This is mainly for the weekdays. Weekends are much more relaxed:
1. Set expectations
2. Keep it simple
3. Be consistent
Buy one of these. Walmart. $5.
We actually went through 3 alarm clocks before we could find the right one. Some made too loud of a tick-tock, some were too hard to set, turn-off etc. Also, it took awhile for Max to get use to an alarm. He would literally lie awake stressing about the alarm going off. This took time for us but he finally warmed up to the idea (see #3).
Make one of these. Fiber board. Clip art. Laminating sheets. Velcro.
This is Max's morning "To Do" list. He wakes up every morning at 6:30 am. He gets dressed, brushes his teeth and makes his bed. This takes Max approximately 20-25 minutes to complete. I made lots of different clip art situations because there was a time in Max's life that transitioning was a struggle. I would use this board to help him understand his day. I don't have to do this anymore and in reality, don't even need a picture schedule anymore. (see #2)
Lay clothes out the night before.
Laying the clothes out the night before does a couple of things: (1) It is it's own picture schedule of what is needed to be done (2) sets them up for success (3) keeps expectations in check. You can't expect your child to do everything. (see #1 & #2)
It doesn't have to be perfect.
This is what Max's bed looks like when he makes it every morning. Perfect? No. Perfect enough? Yes.
So, after Max's alarm wakes him up around 6:30, he completes the items on his list and meets me downstairs around 7am (Yes, folks, I don't even get out of bed until 7am). I help Max with his hair and fix him breakfast. The bus comes at 7:30. No more screaming, no more running late.
The picture chart will work with anything. Chores, after school routine, whatever you are having trouble with. I really should go to a word chart and ditch the pictures now that he is starting to read. So really anything works.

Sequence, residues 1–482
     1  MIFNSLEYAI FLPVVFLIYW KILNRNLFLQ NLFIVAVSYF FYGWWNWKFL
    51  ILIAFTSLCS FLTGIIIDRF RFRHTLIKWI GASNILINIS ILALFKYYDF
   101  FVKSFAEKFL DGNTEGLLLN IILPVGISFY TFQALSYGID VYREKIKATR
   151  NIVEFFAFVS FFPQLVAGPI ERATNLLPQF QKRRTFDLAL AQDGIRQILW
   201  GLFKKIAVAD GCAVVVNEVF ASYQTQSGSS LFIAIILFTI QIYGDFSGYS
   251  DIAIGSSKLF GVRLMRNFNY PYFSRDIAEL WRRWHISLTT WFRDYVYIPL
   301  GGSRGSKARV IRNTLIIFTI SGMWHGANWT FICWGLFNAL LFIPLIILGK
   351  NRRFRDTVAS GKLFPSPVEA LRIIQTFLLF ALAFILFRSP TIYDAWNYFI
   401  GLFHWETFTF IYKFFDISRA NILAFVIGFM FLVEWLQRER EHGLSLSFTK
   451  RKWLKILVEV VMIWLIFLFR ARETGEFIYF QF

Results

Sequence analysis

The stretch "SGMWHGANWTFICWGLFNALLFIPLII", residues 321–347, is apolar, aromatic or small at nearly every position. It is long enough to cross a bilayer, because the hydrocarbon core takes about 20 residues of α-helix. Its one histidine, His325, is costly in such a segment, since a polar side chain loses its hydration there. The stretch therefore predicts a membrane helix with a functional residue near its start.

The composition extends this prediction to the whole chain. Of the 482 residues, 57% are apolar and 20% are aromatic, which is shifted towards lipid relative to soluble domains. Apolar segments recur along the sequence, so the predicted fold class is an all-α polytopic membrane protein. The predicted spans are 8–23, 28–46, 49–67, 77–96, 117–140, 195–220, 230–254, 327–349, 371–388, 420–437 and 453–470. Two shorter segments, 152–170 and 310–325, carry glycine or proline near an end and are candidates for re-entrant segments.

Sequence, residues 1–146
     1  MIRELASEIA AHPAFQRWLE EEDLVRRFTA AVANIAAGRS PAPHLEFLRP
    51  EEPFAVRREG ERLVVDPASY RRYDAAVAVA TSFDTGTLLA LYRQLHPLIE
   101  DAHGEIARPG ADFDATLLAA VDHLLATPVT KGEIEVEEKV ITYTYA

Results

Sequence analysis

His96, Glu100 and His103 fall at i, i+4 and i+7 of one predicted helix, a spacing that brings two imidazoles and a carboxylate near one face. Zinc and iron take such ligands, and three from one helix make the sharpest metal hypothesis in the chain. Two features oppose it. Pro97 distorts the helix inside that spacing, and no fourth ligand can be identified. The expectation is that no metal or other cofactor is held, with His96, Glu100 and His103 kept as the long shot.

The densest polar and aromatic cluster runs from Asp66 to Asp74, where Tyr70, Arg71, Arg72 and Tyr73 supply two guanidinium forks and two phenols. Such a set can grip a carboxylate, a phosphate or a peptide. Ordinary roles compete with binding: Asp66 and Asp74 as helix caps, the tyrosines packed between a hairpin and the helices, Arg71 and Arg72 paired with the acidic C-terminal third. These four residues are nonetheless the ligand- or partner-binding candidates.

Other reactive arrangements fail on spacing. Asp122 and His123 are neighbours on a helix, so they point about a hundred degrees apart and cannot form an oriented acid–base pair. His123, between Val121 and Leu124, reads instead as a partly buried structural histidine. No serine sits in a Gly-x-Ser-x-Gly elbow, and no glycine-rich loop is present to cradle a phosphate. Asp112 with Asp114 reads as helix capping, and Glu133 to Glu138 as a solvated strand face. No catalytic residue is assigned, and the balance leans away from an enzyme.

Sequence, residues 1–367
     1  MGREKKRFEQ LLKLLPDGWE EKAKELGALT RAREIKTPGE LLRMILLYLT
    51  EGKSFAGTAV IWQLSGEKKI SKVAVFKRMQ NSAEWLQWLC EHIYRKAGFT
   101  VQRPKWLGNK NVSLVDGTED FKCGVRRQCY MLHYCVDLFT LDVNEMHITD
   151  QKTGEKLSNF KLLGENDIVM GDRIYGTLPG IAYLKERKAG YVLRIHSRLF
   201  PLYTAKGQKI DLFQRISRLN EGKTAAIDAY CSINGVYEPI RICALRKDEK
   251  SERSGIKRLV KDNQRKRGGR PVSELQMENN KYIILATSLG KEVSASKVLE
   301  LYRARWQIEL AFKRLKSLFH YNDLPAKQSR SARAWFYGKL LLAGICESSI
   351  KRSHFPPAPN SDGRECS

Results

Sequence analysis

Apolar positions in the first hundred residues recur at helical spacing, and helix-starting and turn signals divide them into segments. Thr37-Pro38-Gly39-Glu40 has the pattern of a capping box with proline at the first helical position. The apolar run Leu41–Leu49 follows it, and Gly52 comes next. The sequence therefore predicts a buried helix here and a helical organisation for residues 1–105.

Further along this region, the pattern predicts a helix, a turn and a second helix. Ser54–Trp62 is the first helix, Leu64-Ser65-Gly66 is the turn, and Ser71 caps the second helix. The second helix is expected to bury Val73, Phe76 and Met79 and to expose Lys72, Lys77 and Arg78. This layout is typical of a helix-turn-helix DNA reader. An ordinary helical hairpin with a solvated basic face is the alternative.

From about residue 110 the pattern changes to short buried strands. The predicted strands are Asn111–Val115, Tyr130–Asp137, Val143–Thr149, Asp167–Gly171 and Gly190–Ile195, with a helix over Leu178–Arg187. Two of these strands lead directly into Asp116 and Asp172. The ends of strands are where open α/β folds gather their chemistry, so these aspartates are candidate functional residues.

Here is what we do for weekends:
1. The night before (Friday Night), I set out his breakfast on the kitchen table. Usually dried cereal in a baggie, banana and apple juice. I make it something simple that he can take to his room and eat.
2. He is allowed to watch TV, play video games, toys etc in his room or playroom.
3. He is not allowed to wake us up (unless it's an emergency). Yes, it can be hard to teach a 6 year old (actually 5 at the time we started this) what an emergency is, but this is part of his learning process. He learned real quick that not getting his Xbox controller to work is NOT an emergency but a bloody nose is...all part of growing up :)
Having these expectations on weekends gives us time as parents to sleep in. You could even set the alarm to work opposite on weekend. When the alarm goes off, you can wake mommy and daddy up etc.
Anyway, you get the point.
I don't normally post about parenting on this blog and I try to be very sensitive to Max's issues. However, I was on a Facebook thread with some friends and realized that a lot of parents are struggling like I did BEFORE the schedule. I hope this post can help someone. Please leave me a comment or email me privately if you have any questions. If you don't like my parenting, please keep it to yourself and move on.
Resources for a Picture Schedule:
Downloadable Schedule Boards
Downloadable Picture Dictionary